# Two carts and their initial acceleration

1. Dec 4, 2003

### suyver

As promised in another thread: Riddle me this, riddle me that...

There are two carts on the table. For each cart, there is a rope attached on one side to the cart and via a pulley it is hanging over the edge of the table. On the other end of one rope a 5 kg weight is attached and on the other rope a person pulls with a force corresponding to 5 kg. Which cart has the highest initial acceleration?
a. The cart with the weight.
b. The cart with the person.
c. There is no difference.

I think that the cart with the person pulling the rope will have the highest initial acceleration. This is due to the difference between force and thrust: the person pulling the rope immedialtly applies a thrust to the system, while gravitation does not.

Any thoughts, anyone?

2. Dec 4, 2003

### Staff: Mentor

It depends on how hard the person is capable of pulling. If he can pull at more than 50N (the weight of the weight) then the initial accel of that cart he pulls on will be higher.

3. Dec 4, 2003

### whatgravity

There would be no difference in acceleration.

For there to be a difference, the person would have to change the amount of force he pulled with

4. Dec 4, 2003

### Staff: Mentor

This one's easy, suyver!

First, I assume you mean that the person pulls with a force equal to the weight of the 5 kg mass.

In any case, whichever exerts the greatest tension on the rope will create the greatest acceleration. For the cart plus weight case, the tension in the rope is always less than the weight of the hanging mass. In the cart plus person case, by stipulation, the tension in the rope equals the weight of the hanging mass.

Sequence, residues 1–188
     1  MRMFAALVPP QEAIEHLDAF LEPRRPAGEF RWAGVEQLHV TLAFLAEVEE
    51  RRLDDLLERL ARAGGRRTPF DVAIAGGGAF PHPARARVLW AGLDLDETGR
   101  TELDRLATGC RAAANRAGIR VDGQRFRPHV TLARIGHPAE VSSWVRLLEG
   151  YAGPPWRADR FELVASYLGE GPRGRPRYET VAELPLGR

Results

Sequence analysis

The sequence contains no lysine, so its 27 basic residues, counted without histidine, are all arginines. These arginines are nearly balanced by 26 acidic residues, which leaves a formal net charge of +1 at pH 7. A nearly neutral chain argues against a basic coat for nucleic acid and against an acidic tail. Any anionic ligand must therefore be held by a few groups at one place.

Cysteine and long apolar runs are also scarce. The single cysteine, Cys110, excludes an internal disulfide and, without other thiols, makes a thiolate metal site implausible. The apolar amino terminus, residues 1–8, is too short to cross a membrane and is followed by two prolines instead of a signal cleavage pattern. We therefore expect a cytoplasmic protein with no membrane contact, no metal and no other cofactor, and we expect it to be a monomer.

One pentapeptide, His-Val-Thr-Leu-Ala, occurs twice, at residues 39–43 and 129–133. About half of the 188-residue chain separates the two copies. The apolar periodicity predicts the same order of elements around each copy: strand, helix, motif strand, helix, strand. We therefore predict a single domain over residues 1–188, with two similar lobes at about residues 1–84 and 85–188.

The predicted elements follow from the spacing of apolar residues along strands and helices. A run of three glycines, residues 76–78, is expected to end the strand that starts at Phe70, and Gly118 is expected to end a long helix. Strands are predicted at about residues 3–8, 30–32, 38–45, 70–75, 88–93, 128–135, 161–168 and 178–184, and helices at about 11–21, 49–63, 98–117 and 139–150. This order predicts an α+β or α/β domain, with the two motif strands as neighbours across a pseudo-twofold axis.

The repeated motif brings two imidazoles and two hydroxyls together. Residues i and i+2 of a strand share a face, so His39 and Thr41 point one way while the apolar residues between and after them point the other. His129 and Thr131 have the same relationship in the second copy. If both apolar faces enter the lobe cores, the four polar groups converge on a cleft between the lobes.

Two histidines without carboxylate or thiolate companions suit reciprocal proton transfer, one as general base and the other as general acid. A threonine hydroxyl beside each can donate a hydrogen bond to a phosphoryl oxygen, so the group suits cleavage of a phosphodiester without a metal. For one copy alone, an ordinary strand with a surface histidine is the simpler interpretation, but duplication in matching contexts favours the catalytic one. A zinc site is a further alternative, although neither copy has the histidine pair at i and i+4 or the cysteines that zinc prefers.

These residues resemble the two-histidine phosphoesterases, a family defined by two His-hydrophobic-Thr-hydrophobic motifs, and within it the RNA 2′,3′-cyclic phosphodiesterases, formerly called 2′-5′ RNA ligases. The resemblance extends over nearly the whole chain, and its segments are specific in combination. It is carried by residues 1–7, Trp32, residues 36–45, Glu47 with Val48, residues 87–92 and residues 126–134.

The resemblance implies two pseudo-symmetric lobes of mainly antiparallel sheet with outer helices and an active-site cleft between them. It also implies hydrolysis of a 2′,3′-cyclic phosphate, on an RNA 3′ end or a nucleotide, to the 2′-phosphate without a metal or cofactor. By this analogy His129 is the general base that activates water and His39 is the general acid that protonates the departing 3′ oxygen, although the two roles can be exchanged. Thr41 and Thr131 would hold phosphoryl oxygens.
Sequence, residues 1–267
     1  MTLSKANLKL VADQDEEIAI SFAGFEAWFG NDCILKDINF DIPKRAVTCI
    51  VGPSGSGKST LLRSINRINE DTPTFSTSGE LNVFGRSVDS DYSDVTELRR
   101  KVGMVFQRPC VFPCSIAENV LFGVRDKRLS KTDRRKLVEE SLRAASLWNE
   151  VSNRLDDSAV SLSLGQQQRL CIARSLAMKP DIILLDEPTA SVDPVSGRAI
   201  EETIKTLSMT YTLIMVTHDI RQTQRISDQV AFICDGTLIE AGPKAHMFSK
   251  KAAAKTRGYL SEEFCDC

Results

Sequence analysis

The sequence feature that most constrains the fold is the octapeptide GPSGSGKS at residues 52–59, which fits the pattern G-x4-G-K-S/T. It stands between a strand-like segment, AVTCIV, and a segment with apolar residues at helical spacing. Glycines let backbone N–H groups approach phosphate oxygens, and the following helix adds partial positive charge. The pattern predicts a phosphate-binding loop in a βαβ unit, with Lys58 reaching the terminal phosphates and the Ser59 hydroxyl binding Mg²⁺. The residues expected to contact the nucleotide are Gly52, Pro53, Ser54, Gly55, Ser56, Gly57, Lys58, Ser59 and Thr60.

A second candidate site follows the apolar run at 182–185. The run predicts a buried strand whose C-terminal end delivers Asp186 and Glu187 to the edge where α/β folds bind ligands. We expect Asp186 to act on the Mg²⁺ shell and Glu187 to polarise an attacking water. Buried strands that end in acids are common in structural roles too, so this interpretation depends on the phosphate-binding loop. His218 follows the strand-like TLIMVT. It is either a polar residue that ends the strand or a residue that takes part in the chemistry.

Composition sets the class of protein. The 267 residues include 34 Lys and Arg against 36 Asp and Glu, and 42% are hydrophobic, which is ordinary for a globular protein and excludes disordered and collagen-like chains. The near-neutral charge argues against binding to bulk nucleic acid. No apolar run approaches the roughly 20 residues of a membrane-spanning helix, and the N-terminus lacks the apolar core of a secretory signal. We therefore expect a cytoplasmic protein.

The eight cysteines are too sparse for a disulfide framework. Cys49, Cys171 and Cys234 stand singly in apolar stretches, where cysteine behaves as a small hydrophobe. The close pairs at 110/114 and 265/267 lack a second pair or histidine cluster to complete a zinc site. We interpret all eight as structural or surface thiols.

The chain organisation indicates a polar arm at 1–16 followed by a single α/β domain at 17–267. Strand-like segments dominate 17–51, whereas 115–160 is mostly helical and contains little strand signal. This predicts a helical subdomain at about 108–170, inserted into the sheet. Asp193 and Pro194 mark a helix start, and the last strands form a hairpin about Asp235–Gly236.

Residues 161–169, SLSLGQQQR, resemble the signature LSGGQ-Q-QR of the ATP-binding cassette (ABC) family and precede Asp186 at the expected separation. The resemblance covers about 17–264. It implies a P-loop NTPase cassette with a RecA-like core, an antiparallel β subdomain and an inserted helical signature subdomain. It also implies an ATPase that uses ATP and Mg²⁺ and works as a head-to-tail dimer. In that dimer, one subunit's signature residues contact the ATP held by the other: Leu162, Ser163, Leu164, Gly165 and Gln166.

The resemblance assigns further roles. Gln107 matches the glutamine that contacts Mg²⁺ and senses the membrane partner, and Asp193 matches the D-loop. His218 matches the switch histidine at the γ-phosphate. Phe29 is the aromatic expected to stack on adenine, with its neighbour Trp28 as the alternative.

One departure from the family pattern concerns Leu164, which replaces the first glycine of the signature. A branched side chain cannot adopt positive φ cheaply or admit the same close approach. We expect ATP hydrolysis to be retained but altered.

So, the answer is b: the cart with the person accelerates most.
Agreed!
I'm not sure I get your point. In both arrangements the force is applied immediately; the hanging weight just applies less force.

5. Dec 4, 2003

### whatgravity

I don't get it. Why is the tension in the rope always less with the hanging mass? If the carts are frictionless, then wouldn't the tension in the rope connected to the hanging mass remain constant. The force from the weight is constant isn't it?

[?]

6. Dec 4, 2003

### Staff: Mentor

The tension remains constant, but it does not equal the weight of the mass. If it did, the mass wouldn't accelerate, would it?

7. Dec 4, 2003

### Staff: Mentor

How so? With an aceleration force, if the force is constant, the acceleration is constant.

Yes it is, but that mass has to accelerate the cart and ITSELF. When you pull on the rope(using Doc's stipulation on the force being the actual tension in the rope), you are only accelerating the cart.

8. Dec 4, 2003

### whatgravity

Ok, i think i get it now... In order for the person pulling to keep his pulling force at 50 N, he has to keep the rope tension at 50 N.

and the rope tension on the cart from the hanging mass is always less? This makes sense to me intuitively, but I still don't fully understand it.[b(] Is this because of F = (m + m2)a?

9. Dec 5, 2003

### suyver

Re: Re: Two carts and their initial acceleration

And still the first 3 answers were all different! That's the nice thing about physics: even classical mechanics can put one over on you...

Yes, that's what I ment. It's always hard to formulate such a configuration in another language. I agree with your answer, by the way.

I have, maybe, even another line of reasoning that also leads to answer B: In the case of cart+weight, both the cart and the weight will need to get an initial acceleration. The combined system will have a larger moment of inertia than the cart-only system. Therefore, the initial acceleration must be les in the combined system than in the cart-only system. I personally feel that this is a more insightfull argument. What do you think?

10. Dec 5, 2003

### Staff: Mentor

Re: Re: Re: Two carts and their initial acceleration

How right you are!
I think you have the right idea. In both cases, the external force (mg) is the same. In the cart+person case, that force accelerates the cart; but in the cart+weight case, that same force must accelerate both the cart and the weight. Same force--more mass--less acceleration: makes sense to me!